For the third time, God spoke to His beloved daughter, this time just before she sailed for the Crimea. She had been serving in the cholera epidemic of 1854, fearless in face of contagion even while all around her patients and nurses were dying, and many nurses were fleeing in terror. What she found in the Crimea beggared imagination: a cavernous, dank, and filthy great warehouse for a hospital; hundreds of British soldiers pouring in on stretchers day after day. The English army — it was the time of the tragic Charge of the Light Brigade — regarded as barely human by their officers, had been decimated by the harsh winter just ending. Stranded on a bare hillside without shelter, adequate clothing, blankets, food, the soldiers died of exposure and neglect.

Undaunted in face of the horror of mass suffering, Florence ministered at the bedside of more than 2000 deaths. The worst cases she nursed herself. Here she became the Lady with the Lamp, walking the nighttime corridors carrying her lamp, setting it down to minister to the soldiers. “What a comfort it was to see her pass, even,” one soldier wrote. “She would speak to one, and nod and smile to many more; but she could not do it to all, you know. We lay there by hundreds; but we could kiss her shadow as it fell and lay our heads on the pillow again, content.”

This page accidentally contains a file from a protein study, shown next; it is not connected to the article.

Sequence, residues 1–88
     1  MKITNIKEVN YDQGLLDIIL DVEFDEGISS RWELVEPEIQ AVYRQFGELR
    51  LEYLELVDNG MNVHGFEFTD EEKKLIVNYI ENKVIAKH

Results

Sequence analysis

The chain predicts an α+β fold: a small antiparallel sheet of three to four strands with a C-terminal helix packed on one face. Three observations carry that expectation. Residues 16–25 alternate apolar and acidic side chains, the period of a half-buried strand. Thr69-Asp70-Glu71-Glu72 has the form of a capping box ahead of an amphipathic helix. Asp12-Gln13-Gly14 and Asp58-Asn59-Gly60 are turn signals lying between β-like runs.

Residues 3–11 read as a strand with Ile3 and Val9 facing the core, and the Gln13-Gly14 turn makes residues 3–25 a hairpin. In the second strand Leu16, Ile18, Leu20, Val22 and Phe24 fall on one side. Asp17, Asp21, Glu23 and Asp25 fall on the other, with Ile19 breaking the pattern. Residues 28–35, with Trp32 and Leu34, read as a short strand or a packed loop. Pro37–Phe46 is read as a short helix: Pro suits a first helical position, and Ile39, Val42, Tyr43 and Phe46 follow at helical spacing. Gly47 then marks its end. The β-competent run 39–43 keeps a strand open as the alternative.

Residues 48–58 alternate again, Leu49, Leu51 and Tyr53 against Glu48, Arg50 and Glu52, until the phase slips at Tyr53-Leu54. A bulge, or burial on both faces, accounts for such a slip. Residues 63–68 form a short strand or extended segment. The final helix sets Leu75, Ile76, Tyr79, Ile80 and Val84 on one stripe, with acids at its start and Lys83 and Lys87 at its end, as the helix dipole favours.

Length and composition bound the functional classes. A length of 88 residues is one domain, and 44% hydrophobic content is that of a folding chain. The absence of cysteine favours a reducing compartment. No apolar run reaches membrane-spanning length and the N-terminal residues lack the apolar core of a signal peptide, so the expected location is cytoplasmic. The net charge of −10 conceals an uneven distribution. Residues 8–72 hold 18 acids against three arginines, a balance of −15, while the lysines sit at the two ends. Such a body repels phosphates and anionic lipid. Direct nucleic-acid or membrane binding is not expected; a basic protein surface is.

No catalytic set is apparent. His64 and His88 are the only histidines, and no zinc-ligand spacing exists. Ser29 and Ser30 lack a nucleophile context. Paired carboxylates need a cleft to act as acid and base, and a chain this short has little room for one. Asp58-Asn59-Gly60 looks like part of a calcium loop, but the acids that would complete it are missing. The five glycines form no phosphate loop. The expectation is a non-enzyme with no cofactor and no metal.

“They have heard Thy Name,
The blind, halt, and lame.
Those who are in despair,
Wipe Thou their tears.”

In divine friendship,
For Ananda’s “Thank You, God” Tithing